Wake Forest officials are investigating how documents pertaining to the Deacons' game plan might have ended up in Louisville’s hands before last Saturday’s football game at Papa John’s Cardinal Stadium.
“We are concerned that there was some type of security breach,’’ coach Dave Clawson said Tuesday. “I have shared it with Ron Wellman, and we’re doing everything we can to make sure all of our information and data is more secure moving forward.’’
Wellman, Wake Forest’s director of athletics, said Clawson told him of the breach on Friday, the day before the Deacons lost to the fifth-ranked Cardinals, 44-12. Wellman said a member of Wake Forest’s traveling party found the documents at the stadium.
Wellman declined to elaborate on the nature of the documents.
“Since that time we have been looking at various possibilities and haven’t come up with anything for certain at this point,’’ Wellman said Tuesday night. “But we will continue to review everything that we do and investigate how this might have happened and make sure it doesn’t happen in the future.’’
Wellman said he called Tom Jurich, Louisville’s director of athletics, but Jurich was not available at that time. He said he left a detailed message, and that Rocco Gasparro, the Cardinals’ assistant sports information director for football, called Associate Athletics Director Steve Shutt of Wake Forest to learn more about the matter.
Wellman also said Wednesday that he has contacted the Atlantic Coast Conference about Wake Forest’s concerns.
Coach Bobby Petrino of Louisville said Wednesday he knew nothing of the matter.
“I have no knowledge of the situation,’’ Petrino responded by email, when asked to comment about the report. “We take a lot of pride in the way we operate our program. As I’ve stated already this season, my coaching philosophy has always been to play the game with sportsmanship.
“Right now our focus is on our game (Thursday) at Houston and finishing the 2016 season strong.’’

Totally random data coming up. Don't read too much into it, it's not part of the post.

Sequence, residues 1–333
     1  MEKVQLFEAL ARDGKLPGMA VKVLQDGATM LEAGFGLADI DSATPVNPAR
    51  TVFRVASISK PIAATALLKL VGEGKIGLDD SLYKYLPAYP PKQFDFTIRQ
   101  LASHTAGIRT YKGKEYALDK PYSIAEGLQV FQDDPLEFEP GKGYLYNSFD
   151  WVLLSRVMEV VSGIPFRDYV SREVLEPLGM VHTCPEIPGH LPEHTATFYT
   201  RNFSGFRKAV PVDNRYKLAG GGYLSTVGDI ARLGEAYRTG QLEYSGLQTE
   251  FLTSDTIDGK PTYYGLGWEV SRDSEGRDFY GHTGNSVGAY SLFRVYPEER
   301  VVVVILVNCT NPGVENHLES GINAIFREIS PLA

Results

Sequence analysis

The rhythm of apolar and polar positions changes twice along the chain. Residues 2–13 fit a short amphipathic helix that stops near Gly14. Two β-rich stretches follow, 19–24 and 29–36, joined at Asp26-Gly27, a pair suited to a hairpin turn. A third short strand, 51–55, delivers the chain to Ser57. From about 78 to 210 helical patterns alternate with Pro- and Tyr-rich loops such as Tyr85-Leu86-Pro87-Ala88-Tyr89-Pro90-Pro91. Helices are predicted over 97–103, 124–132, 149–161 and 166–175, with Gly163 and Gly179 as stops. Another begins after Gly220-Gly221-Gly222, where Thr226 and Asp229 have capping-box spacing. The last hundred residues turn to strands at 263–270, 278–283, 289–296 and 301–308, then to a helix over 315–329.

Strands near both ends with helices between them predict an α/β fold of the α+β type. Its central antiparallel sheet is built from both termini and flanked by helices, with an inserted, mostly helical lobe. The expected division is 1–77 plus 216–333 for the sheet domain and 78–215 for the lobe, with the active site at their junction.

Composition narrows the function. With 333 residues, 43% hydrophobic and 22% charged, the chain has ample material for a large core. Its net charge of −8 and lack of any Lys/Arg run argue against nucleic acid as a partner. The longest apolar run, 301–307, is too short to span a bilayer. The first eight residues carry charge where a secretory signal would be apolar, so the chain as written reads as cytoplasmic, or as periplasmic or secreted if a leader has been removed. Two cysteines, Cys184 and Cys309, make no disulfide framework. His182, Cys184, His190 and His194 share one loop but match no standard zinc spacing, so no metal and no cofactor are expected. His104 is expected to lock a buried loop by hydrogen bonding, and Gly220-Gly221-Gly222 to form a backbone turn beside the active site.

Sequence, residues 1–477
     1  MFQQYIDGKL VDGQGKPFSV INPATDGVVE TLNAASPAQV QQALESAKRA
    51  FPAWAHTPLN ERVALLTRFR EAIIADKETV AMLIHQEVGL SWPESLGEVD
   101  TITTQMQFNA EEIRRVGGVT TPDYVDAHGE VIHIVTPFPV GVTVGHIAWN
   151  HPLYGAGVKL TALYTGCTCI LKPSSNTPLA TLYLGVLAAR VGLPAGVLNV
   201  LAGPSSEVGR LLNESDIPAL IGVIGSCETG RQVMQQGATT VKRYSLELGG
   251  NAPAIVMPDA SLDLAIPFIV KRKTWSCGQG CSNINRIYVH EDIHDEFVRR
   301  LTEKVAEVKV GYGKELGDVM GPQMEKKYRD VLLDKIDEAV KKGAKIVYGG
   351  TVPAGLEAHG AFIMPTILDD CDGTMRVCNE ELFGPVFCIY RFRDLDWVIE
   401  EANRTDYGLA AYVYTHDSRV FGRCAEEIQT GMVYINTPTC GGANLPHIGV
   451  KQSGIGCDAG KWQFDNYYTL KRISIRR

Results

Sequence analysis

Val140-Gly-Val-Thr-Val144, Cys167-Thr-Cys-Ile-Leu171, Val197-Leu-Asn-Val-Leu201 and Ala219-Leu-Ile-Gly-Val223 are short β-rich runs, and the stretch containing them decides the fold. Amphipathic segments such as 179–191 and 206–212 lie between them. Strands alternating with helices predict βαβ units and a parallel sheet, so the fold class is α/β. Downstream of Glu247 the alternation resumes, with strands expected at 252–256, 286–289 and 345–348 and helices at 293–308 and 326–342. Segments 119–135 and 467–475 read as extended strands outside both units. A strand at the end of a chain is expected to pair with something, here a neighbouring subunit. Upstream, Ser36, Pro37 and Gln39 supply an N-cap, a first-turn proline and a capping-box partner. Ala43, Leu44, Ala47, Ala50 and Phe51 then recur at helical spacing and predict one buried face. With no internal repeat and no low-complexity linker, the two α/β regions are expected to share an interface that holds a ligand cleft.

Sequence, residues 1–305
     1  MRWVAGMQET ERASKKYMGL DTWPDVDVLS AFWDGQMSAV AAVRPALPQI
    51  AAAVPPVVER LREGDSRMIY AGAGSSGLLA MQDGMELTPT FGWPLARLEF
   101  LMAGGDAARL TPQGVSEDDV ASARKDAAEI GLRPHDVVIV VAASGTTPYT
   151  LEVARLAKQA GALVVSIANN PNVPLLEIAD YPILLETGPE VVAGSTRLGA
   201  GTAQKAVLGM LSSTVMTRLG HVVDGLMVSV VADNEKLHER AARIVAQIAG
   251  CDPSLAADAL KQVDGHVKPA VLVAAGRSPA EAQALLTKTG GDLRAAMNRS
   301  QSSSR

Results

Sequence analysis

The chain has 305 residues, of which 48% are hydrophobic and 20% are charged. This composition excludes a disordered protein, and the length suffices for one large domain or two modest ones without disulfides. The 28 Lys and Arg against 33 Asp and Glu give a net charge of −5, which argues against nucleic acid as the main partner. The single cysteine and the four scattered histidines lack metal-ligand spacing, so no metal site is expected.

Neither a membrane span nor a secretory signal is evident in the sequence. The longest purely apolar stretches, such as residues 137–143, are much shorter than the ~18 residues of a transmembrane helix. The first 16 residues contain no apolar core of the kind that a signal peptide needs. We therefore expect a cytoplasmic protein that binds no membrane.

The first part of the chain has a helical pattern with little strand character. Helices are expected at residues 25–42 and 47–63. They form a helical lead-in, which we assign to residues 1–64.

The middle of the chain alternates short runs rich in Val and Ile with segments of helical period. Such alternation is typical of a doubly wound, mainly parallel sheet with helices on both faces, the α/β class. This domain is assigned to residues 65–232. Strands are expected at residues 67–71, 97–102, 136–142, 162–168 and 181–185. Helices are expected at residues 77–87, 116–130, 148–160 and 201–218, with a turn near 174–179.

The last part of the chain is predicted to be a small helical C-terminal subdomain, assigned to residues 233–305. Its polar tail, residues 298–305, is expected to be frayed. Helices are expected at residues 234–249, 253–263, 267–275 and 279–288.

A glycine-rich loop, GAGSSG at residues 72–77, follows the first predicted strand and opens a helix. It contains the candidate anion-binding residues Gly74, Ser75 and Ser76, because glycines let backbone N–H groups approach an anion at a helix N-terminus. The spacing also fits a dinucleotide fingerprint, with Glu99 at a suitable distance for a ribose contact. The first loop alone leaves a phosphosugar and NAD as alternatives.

Wellman said he was not aware of previous concerns over the security of Wake Forest’s football facility.
As for the investigation, Wellman said he wasn’t sure how long it will take.
“No idea,’’ Wellman said. “We just have to develop a process and follow the process. How long that will take remains to be seen. But it will not be in the next day or two for sure.
“It may be weeks before we have an outcome to this.’’
Security at Wake Forest football practices has tightened since Clawson replaced Jim Grobe as head coach before the 2014 season. Under Grobe, the public and members of the media were allowed to watch practice from the wall that separated the field from the football offices.
This season, practice is open only to approved members of the media, game officials who officiate the scrimmage segments of practice and guests of the coaching staff. Media are confined to the balcony of the McCreary Field House, the indoor facility that opened in January.
“It’s awfully difficult to spy at a practice, especially at our facility,’’ Wellman said. “Anybody that is unusual – or anybody who has a phone up and acting like they are taking film or video – we would jump on that pretty quickly.
“And there was no behavior like that.’’
A growing concern in all sports is cyber security. In July, the St. Louis Cardinals’ director of scouting was sentenced to 46 months for hacking the Houston Astros’ scouting records.
Chris Correa, the Cardinals’ official, was also ordered to pay $279,038 in restitution. Correa was found guilty of repeatedly viewing in 2013 and 2014 confidential information found on the Astros’ scouting data base.
Wellman declined to speculate how security of the Wake Forest football program might have been compromised.
“We just need to make sure it doesn’t happen in the future and whatever did happen, we take the steps to eliminate how it happened so it doesn’t happen in the future,’’ Wellman said.